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CategoryCategory:Tellurate minerals
(repeating unit)
Strunz classification4.FD.30
Dana classification33.1.3.1
Crystal systemOrthorhombic
Unit cellKhinite-4O:
a = 5.740 Å,
b = 9.983 Å,
c = 23.960 Å, Z = 8
Khinite-3T (parakhinite):
a = 5.753 Å,
c = 17.958 Å, Z = 3
ColorDark green - Bottle green
Crystal habitDipyramidal or curved crystals
Cleavage{001} fair
Mohs scale hardness3.5
Density6.5-7.0 (measured) 6.69 (calculated)
Optical propertiesBiaxial (+) (khinite) Uniaxial (-) (parakhinite)
Birefringenceδ = 0.055
PleochroismYellow green - emerald green
2V angle20o
Ultraviolet fluorescenceNone
FusibilityFuses readily to a brown slag
SolubilitySoluble in cold acids
Common impuritiesCa

Khinite is a rare tellurate mineral with the formula Pb2+Cu2+3TeO6(OH)2[1][2][3] It crystallizes in the orthorhombic system and has a bottle-green colour. It is often found as dipyramidal, curved or corroded crystals no more than 0.15 mm in size.[4] The tetragonal dimorph of khinite is called parakhinite.

Occurrence and name[edit]

Both khinite and parakhinite were first identified in 1978 in the Old Guard Mine (Royal Guard Mine), Tombstone District, Cochise County, Arizona, US They were named after Ba-Saw Khin, a Burmese-American mineralogist.[1] They are often found together with tenorite, quetzalcoatlite, quartz, gold, dugganite, chrysocolla, chlorargyrite, bromargyrite, xocomecatlite, and tlapallite.[1][4] Khinite and parakhinite are found in multiple mines across Mexico and the USA.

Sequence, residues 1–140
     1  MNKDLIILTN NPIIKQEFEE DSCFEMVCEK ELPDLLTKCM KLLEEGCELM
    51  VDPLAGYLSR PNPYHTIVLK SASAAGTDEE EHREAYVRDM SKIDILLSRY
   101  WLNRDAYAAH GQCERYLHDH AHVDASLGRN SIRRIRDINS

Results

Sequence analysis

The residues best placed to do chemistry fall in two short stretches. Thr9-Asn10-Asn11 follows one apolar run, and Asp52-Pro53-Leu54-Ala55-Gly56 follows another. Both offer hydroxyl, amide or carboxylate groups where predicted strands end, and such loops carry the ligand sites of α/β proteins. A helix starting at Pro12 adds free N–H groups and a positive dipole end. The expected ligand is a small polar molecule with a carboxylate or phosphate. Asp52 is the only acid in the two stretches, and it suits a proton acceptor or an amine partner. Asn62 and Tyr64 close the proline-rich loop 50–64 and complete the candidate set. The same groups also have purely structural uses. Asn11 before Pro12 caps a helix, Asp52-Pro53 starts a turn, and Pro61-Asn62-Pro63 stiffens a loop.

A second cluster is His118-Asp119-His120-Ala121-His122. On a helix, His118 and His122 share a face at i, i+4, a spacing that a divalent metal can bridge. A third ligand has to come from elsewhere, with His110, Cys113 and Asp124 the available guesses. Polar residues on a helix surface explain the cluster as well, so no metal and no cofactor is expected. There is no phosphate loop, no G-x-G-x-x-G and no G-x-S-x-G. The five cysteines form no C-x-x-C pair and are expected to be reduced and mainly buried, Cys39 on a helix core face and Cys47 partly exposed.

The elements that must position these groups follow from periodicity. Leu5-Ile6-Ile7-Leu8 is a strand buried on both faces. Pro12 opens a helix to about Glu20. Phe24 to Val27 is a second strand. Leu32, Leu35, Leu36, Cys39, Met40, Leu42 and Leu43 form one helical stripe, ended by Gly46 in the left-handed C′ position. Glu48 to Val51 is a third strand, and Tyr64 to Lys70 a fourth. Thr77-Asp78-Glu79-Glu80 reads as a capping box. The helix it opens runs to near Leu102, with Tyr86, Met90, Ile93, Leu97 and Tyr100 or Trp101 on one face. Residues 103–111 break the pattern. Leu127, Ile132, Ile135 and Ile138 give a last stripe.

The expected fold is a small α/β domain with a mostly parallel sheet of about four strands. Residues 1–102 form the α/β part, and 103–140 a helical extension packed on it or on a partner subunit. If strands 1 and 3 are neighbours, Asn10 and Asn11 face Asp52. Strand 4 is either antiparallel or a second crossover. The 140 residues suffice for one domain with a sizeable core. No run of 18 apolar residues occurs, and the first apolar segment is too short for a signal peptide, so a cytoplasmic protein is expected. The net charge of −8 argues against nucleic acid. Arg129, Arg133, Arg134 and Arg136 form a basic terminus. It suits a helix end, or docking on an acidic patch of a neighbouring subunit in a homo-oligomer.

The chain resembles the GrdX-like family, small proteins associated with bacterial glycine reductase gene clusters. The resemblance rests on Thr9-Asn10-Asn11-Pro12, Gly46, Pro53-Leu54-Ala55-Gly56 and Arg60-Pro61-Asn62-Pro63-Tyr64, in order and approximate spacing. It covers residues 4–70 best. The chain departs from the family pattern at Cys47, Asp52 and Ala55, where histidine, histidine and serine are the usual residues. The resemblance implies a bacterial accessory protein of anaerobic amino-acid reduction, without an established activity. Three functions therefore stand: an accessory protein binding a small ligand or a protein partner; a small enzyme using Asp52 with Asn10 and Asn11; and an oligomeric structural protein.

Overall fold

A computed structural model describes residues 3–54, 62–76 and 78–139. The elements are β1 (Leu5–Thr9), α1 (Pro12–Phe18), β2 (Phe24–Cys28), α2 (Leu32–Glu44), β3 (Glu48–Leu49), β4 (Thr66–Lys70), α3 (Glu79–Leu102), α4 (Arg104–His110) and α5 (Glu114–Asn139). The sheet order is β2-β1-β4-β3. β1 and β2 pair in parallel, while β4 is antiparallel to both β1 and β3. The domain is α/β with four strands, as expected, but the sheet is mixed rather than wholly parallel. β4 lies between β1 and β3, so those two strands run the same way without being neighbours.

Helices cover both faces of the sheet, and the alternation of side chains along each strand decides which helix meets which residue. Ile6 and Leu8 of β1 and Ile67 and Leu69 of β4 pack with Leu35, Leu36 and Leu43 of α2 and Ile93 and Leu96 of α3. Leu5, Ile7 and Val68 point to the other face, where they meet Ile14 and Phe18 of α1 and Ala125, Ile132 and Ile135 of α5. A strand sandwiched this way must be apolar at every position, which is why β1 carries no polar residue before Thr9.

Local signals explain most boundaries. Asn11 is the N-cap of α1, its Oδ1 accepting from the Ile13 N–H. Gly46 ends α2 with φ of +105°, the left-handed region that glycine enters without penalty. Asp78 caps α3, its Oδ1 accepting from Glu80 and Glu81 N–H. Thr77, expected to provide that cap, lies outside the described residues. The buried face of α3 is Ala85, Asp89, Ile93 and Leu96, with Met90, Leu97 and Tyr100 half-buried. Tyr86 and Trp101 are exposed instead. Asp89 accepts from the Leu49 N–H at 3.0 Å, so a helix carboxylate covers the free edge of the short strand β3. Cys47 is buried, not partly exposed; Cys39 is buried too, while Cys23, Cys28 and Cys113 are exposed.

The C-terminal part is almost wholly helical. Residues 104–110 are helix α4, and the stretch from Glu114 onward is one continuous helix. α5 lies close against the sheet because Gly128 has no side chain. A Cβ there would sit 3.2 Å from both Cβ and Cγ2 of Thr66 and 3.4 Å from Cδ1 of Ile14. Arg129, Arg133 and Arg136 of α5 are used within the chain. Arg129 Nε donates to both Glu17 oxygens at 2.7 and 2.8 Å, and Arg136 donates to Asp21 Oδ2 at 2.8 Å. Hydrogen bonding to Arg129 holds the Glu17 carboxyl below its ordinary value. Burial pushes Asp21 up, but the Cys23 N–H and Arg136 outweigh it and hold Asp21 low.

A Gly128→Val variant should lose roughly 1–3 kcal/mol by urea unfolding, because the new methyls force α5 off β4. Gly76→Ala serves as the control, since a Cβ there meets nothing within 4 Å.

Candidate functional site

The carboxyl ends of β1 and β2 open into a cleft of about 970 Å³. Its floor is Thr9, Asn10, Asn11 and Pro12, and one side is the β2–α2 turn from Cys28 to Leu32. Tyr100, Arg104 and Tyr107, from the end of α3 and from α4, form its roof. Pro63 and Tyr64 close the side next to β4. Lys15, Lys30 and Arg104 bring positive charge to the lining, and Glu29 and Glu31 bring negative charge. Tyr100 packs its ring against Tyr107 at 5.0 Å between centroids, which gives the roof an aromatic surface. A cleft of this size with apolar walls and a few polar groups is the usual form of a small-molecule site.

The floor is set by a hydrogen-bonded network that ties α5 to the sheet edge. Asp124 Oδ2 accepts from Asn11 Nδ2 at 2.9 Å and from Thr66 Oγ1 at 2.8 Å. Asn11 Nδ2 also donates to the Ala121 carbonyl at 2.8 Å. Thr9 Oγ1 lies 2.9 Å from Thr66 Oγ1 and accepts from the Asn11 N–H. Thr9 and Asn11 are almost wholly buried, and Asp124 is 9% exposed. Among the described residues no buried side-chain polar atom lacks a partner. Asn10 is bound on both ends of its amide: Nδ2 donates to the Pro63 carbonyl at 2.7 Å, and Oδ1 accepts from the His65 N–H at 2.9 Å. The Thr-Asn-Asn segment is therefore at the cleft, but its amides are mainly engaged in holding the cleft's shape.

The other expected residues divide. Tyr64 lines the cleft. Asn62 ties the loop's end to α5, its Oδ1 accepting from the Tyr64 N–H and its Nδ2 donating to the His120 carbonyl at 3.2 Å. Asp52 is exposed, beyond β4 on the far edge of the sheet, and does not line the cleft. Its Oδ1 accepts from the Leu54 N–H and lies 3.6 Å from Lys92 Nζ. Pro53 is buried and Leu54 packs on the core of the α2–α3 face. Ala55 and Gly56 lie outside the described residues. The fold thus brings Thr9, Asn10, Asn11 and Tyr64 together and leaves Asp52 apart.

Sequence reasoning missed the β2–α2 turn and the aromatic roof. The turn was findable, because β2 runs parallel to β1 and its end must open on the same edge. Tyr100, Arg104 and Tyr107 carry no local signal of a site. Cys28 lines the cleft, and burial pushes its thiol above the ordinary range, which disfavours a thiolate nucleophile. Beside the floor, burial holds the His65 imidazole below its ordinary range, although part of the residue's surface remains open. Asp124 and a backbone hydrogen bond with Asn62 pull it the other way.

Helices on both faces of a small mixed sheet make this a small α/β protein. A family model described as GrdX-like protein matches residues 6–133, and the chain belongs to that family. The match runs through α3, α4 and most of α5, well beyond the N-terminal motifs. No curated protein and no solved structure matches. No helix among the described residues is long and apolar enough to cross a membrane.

Parakhinite crystallizes in the tetragonal system. Khinite and parakhinite are also called khinite-4O and khinite-3T, respectively. Khinite and parakhinite are identical in colour and many other properties, like reactivity. They do differ in optical properties: Khinite is biaxial (+), while parakhinite is uniaxial (-). They also have different unit cells.[1][3][5][6]


  1. ^ a b c d "Khinite: Khinite mineral information and data". Retrieved 2016-10-28.
  2. ^ Barthelmy, Dave. "Khinite Mineral Data". Retrieved 2016-10-28.
  3. ^ a b Williams, S.A. (1978). "Khinite, parakhinite, and dugganite, three new tellurates from Tombstone. Arizona" (PDF). American Mineralogist. 63: 1016–1019.
  4. ^ a b "Handbook of mineralogy, Khinite" (PDF).
  5. ^ Cooper, M. A.; Hawthorne, F. C.; Back, M. E. (2008). "The crystal structure of khinite and polytypism in khinite and parakhinite". Mineralogical Magazine. 72 (3): 763–770. doi:10.1180/minmag.2008.072.3.763.
  6. ^ Hawthorne, F. C.; Cooper, M. A.; Back, M. E. (2009). "KHINITE-4O [= KHINITE] AND KHINITE-3T [= PARAKHINITE]". The Canadian Mineralogist. 47 (2): 473–476. doi:10.3749/canmin.47.2.473.